The Bombay, Baroda, and Central India Railway and the Great Indian Peninsular Railway, the very first railways in India, made their appearance in Bombay, starting from Victoria Terminus. Marshy lands were reclaimed, and causeways were built at Mahim, and between Cumballa Hill and Worli, to drain the "Great Breach," the area then known as Breach Candy. Wharves and docks were constructed on a large scale. In the mid-nineteenth century, after the opening of the Suez Canal, Bombay port became a focus of steamship navigation. Companies such as the famed Peninsular and Oriental Steam Navigation Company, the Messageries Maritimes Company, the Bombay Steam Navigation Company, the Austrian Lloyd Company of Trieste, and the Rubattini Company of Genoa set up offices in Bombay. Sailing clippers were also engaged in the tea and opium trade. Agency houses of the British became a common feature of Bombay city. Modern milling technology was introduced through the construction of cotton mills, the first one being started in 1854. A supply of cheap labor from the neighboring areas (mostly the Konkan and Deccan) led to a massive influx of population. Over the course of the nineteenth century, the population grew from an estimated 200,000 to almost a million.
The culture of the city has been and continues to be pan-Indian rather than provincial. From the beginning, ethnic multiplicity was reflected in the population, which included Parsis, Gujarati "Baniyas," and the Muslim trading communities of Bohras and Khojas. Contributions to the development of Bombay were made by affluent members of the indigenous entrepreneurial class, such as Jagannath Shankarseth and Sir Jamsetjee Jeejeebhoy. With the formulation of his famous Drain Theory, Bombay's Dadabhai Naoroji took his place as India's leading economic nationalist. In 1885 Bombay played host to the founding session of the Indian National Congress. During World War II, the industrialists of the city brought forth detailed proposals for the economic development of the country in their "Bombay Plan." By the end of the war, Bombay was well established as the industrial hub of India: it had 477 metal industries, 210 printing presses, 75 chemical plants, and 94 other industries, while 184 textile mills were still in operation (David 1998, p.249). Bombay strongly supported the Civil Disobedience Movement and Mahatma Gandhi, and was the site of heroic working class struggles, as it had a large labor force, mainly cotton mill workers. In the immediate postwar period, the Bombay Naval Mutiny, strongly supported by the organized trade unionists and Left parties, sent a clear signal that Britain's hold on India could not much longer be maintained. Once India gained independence, Bombay overtook Calcutta to become the unquestioned economic capital of independent India.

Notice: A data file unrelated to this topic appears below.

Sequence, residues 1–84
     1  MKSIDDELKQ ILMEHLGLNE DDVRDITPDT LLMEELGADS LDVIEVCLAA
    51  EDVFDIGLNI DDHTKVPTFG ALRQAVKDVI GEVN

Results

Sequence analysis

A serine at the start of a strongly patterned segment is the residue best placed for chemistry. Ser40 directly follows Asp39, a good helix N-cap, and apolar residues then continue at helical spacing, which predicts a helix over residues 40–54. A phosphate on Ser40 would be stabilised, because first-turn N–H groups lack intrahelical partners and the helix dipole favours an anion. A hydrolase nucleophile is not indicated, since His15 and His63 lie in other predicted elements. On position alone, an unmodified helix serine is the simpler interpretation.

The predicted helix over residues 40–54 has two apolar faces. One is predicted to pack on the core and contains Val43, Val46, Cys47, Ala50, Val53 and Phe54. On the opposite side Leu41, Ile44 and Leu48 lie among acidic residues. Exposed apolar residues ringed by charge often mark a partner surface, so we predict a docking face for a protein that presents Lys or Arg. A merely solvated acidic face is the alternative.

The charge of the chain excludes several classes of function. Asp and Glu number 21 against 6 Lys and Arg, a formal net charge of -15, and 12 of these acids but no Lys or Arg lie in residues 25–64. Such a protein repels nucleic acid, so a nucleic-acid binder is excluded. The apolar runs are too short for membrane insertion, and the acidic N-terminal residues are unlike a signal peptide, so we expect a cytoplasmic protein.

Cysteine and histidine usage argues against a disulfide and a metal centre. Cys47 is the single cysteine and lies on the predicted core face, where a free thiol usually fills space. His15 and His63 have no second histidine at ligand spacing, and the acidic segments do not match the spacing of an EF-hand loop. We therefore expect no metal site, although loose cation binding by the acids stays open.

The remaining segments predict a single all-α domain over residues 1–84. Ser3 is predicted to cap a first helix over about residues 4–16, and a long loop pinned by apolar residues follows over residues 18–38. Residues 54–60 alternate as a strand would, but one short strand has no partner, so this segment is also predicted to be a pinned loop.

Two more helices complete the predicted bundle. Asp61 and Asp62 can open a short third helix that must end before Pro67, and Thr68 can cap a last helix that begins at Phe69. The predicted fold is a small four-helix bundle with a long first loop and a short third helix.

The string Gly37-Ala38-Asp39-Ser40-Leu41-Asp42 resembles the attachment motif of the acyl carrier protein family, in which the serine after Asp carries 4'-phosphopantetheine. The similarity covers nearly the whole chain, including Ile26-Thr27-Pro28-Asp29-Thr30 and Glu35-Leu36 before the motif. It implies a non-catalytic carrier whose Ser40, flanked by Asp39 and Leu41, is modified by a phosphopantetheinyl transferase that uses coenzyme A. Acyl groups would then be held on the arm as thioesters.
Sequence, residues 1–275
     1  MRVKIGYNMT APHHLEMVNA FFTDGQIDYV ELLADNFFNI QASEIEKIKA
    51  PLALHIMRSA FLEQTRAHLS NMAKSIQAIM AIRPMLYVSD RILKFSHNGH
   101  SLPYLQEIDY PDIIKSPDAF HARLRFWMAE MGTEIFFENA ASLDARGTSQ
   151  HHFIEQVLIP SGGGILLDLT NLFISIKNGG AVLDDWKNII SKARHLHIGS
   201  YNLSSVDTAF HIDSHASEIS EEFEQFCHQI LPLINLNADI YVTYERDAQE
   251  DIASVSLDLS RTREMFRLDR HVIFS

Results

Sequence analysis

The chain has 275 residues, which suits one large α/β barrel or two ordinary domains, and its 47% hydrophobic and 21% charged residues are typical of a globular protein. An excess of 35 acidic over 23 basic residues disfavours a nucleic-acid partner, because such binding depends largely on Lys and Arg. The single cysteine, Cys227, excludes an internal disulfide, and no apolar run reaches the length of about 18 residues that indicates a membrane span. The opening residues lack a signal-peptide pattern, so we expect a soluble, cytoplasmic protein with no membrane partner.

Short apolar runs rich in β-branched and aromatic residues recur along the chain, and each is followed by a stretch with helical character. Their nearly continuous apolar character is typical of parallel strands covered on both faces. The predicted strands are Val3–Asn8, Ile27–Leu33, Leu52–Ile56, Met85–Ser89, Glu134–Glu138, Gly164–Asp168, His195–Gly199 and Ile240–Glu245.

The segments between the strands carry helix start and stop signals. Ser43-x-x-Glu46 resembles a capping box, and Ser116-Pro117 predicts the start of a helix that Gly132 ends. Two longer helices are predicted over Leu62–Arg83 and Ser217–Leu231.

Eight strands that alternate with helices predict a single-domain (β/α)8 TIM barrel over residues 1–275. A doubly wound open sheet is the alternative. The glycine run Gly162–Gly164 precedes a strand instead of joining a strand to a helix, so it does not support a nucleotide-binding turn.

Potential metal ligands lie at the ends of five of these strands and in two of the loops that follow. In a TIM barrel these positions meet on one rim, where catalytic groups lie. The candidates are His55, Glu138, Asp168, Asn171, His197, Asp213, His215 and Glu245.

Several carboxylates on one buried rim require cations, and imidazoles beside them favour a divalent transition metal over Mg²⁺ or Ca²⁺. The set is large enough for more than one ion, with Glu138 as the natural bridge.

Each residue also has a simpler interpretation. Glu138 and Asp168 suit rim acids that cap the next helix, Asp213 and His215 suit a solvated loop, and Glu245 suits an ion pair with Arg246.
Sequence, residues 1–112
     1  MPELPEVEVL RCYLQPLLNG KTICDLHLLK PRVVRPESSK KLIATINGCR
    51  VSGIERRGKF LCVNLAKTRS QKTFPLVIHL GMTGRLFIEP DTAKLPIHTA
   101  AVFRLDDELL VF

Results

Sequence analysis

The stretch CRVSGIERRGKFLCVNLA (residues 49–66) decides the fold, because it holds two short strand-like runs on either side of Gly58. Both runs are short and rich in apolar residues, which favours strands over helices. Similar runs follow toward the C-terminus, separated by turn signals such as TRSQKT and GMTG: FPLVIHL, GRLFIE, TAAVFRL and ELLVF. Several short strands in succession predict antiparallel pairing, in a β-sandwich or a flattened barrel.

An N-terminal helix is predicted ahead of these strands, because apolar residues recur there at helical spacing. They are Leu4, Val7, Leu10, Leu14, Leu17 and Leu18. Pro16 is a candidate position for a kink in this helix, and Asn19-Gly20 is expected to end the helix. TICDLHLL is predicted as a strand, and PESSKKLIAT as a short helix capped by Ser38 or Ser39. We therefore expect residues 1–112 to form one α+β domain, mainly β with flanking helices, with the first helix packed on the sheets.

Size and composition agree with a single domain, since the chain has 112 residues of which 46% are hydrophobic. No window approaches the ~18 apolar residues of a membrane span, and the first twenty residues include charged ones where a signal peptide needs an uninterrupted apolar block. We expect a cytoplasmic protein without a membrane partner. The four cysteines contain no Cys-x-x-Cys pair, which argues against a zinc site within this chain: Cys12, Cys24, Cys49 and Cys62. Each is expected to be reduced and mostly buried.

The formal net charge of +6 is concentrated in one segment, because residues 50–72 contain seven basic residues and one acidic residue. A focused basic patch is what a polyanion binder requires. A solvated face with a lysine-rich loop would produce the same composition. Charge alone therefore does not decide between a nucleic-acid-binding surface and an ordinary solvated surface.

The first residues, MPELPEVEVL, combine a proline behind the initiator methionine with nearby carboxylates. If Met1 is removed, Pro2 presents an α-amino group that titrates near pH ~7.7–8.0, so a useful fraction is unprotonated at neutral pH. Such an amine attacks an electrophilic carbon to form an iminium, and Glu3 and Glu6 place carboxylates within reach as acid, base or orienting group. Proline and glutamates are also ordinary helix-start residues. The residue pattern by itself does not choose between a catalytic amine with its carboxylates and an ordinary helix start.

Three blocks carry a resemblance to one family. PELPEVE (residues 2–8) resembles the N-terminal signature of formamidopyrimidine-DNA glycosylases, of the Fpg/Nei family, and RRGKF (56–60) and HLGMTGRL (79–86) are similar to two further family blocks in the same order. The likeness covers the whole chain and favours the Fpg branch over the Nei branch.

In the nineteenth century the city of Bombay was once described as "the connecting link between Europe and Asia," the point where two civilizations meet and mingle. This description might also be appropriately applied to the contemporary cosmopolitan social structure of the city, as well as to its internationally focused economy. It could also characterize the physical image of Bombay. Like other British colonial ports of India, Bombay has been an architectural hybrid, presenting an evolving juxtaposition of Indian and European concepts of environment. Bombay has in common with Madras (Chennai) and Calcutta (Kolkata) that it grew from a small fortified trading settlement into a sprawling commercial metropolis. Because of its physical setting, however, Bombay has been in many ways unique. Bombay began as seven small islands, and through gradual reclamation, was a single land mass by the end of the eighteenth century. The physical formation of Bombay has thus necessitated extensive reclamation and land-filling activities. There have been two twentieth-century landfill projects, the Backbay Reclamation (creating the seaside Marine Drive) and Ballard Estate. In the post-Independence years, two additions were made to Bombay's land surface, Nariman Point and Cuffe Parade. Land has thus been scarce and expensive, a factor that has continued to promote dense building patterns and a predominant use of multistoried structures. Industrial prosperity has been accompanied by environmental deterioration and traffic congestion.
Bombay remains a city of immigrants and a commercial metropolis. It continues to be known as a seaport, railhead, air traffic hub, and center of finance, as well as a textile mill city and a high technology pole. It is also dubbed "Bollywood," as it is the center of the world's premier cinema industry.